Take a card that has the + symbol on it, then look for machines with that symbol. They ALL worked for us, with that symbol, even when we could not read the words on the machine!
We had a small amount of $USD with us - never used them....
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Old 29-07-2014, 23:36   #7
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Re: Money changing & acquisition

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What have folks found to be the most cost effective way of getting cash at foreign ports of call? Airports are easy because there's always a way of getting cash there, but when sailing into a small port, what do we do?
My life changed forever when sometime back in the late 80's I pulled Thai Baht from an ATM at the side of a rice paddy...

Until then it was the Amex office and a personal check.

I still routinely road warrior all over the place. Carry at least 2 different cards (I carry 3) ATM limits seem to be down around $200/day lately. I called my banks and had my limit raised to $500.

In a pinch I could get $1500 a day.

Now shop around for foreign exchange rate treatment, foreign transaction fees and ATM fees.

The best card I have is my credit union. $1.50 ATM fee is all I have ever been charged. Worst is BofA. Crap exchange rate, a 1 12/%(?) foreign transaction fee and I think a $3.00 ATM fee. My local Singapore account is also quite good.

Consider getting something pretty globally ubiquitous like Citi - I hate them but they are just about everywhere you wanna be...

If ever stuck you could go to the real Citi bank and maybe get some sympathy. Although my last experience with that was in the 90s when Citi Manila basically said, "No we are a different Citi. Can't help ya..." I dumped Citi after that but maybe they have changed again.

I would probably carry $1,000 in cash on the boat if I was routinely going to far flung places.
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Old 30-07-2014, 10:00   #8
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Re: Money changing & acquisition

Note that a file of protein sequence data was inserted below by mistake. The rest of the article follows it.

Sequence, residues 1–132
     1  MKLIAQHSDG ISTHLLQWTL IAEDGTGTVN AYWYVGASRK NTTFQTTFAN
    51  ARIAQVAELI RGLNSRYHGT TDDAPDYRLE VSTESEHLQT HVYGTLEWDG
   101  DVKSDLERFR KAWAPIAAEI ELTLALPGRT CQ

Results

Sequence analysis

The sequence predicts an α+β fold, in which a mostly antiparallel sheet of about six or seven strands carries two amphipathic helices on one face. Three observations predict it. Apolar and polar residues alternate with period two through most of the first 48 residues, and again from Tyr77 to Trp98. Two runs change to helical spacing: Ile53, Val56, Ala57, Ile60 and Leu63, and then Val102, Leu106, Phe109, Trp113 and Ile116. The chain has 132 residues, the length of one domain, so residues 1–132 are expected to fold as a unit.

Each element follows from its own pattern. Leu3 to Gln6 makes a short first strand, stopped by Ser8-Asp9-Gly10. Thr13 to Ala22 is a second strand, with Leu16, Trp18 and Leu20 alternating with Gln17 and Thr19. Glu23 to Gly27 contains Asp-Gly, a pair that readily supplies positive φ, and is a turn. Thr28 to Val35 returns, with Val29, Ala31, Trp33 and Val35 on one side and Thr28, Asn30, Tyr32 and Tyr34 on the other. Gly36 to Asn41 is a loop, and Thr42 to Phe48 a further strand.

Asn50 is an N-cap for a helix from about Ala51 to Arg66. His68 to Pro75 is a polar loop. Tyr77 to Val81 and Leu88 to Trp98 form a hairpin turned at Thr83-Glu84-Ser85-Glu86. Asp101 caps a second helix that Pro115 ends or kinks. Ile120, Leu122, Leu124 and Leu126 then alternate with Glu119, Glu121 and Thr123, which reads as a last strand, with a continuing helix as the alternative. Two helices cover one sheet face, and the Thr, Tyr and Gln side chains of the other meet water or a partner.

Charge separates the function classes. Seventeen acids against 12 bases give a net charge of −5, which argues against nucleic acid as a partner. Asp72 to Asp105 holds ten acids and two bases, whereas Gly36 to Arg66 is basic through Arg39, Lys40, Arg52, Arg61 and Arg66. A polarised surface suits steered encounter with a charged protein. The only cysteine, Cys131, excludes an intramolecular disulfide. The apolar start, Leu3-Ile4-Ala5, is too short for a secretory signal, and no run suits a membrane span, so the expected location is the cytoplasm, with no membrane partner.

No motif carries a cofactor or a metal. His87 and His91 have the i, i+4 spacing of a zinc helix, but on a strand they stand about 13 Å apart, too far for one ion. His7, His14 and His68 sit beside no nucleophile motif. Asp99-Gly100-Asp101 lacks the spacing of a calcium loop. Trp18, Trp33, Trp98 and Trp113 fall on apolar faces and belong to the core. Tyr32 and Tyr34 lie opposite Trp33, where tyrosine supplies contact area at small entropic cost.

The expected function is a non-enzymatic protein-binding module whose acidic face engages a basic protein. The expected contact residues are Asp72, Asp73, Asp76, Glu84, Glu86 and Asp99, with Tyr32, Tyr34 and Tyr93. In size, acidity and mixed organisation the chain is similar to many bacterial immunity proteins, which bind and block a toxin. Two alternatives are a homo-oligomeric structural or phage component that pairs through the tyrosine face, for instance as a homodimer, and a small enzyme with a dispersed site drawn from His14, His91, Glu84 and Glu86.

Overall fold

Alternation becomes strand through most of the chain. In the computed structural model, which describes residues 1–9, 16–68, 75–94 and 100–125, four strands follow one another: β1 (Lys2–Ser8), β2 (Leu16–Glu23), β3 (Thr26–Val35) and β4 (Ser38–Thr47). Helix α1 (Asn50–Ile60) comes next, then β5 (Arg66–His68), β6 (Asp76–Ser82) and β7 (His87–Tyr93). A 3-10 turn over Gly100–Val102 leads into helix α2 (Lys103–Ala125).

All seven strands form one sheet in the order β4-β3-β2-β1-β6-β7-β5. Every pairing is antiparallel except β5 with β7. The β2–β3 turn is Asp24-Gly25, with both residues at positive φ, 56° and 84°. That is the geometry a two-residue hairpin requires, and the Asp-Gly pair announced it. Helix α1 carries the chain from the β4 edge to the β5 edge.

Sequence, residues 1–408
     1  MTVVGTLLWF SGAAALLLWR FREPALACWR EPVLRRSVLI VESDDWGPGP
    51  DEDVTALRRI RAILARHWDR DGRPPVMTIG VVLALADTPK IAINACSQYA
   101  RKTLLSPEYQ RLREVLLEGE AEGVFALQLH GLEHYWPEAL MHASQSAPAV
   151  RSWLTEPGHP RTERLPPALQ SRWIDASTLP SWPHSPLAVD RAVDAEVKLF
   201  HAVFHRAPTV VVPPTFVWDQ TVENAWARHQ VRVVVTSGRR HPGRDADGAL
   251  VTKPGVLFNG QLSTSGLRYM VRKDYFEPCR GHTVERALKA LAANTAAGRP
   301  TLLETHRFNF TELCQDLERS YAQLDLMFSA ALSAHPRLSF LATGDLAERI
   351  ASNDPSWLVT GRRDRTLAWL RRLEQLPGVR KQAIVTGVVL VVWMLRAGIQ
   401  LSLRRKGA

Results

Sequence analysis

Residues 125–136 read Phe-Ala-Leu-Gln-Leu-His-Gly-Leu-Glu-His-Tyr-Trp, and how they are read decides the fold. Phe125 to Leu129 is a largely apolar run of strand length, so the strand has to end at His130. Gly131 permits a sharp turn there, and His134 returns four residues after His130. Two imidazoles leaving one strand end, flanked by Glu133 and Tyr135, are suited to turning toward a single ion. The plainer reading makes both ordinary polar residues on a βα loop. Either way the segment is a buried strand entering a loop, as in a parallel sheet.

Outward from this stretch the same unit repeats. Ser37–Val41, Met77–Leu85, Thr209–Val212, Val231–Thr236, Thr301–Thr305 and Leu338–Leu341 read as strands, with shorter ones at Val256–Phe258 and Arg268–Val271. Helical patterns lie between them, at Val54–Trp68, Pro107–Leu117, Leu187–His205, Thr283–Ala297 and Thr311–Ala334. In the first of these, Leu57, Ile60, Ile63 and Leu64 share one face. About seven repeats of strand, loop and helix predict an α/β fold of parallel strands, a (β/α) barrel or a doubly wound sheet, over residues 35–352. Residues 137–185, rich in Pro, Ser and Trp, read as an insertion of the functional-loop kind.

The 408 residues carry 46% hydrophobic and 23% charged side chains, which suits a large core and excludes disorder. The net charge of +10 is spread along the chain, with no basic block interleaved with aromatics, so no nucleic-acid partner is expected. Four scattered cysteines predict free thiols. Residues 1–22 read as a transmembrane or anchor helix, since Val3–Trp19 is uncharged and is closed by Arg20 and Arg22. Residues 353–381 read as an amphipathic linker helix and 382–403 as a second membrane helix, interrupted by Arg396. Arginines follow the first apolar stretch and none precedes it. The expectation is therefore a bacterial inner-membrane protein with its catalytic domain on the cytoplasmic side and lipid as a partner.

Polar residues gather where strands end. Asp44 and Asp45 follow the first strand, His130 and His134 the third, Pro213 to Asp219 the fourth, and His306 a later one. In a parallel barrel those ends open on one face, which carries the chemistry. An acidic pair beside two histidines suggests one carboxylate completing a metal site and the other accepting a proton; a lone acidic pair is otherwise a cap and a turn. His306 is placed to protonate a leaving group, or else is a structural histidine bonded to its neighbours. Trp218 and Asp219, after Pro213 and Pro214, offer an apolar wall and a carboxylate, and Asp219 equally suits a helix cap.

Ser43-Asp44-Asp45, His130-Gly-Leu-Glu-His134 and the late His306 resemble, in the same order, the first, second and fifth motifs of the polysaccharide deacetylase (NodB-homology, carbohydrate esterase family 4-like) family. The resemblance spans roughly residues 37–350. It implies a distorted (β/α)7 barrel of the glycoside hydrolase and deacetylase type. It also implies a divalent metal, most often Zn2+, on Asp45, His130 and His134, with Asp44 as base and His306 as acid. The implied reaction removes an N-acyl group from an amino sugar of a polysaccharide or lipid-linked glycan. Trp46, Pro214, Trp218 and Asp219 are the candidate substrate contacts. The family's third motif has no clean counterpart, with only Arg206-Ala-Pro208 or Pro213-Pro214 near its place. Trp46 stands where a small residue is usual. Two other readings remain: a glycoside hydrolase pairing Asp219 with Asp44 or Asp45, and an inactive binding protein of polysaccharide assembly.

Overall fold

Thanks guys. All great information!
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Old 30-07-2014, 10:17   #9
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Re: Money changing & acquisition

While my travels to smaller countries is limited. On trips in the US and to Europe Charles Schwabb Bank/investments is great. No ATM fees and a decent exchange rate.


When traving I isolate the checking account from investing and manually transfer money. On one trip we had "too good" of a time and I did not trust the local internet. One call and some serious id checking and the checking account was funded.
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Old 30-07-2014, 10:53   #10
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Re: Money changing & acquisition

We travel a lot and use ATMs all of the time, we have a US ATM and a UK ATM with chip. The most problems we have are in Antigua, neither card works at most of the ATMs - none of the machines in Falmouth or English Harbour. Found one ATM in the supermarket at Jolly Harbour which works. Other wise we actually have to go into the bank and fill out paperwork and show a photo ID to get money out of their ATM!

In St Martin on the Dutch side got USD, on the French side got Euros. This can be a disadvantage as some restaurants on the French side take USD at a a rate of 1 to 1 for bills in euros.
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Old 30-07-2014, 13:06   #11
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Re: Money changing & acquisition